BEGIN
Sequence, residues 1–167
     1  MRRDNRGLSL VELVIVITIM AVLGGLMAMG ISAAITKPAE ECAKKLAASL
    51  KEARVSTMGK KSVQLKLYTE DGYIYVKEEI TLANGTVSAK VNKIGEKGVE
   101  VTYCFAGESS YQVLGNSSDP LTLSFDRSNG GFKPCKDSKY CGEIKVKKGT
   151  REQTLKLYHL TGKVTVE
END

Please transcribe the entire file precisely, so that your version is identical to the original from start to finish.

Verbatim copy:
Sequence, residues 1–167
     1  MRRDNRGLSL VELVIVITIM AVLGGLMAMG ISAAITKPAE ECAKKLAASL
    51  KEARVSTMGK KSVQLKLYTE DGYIYVKEEI TLANGTVSAK VNKIGEKGVE
   101  VTYCFAGESS YQVLGNSSDP LTLSFDRSNG GFKPCKDSKY CGEIKVKKGT
   151  REQTLKLYHL TGKVTVE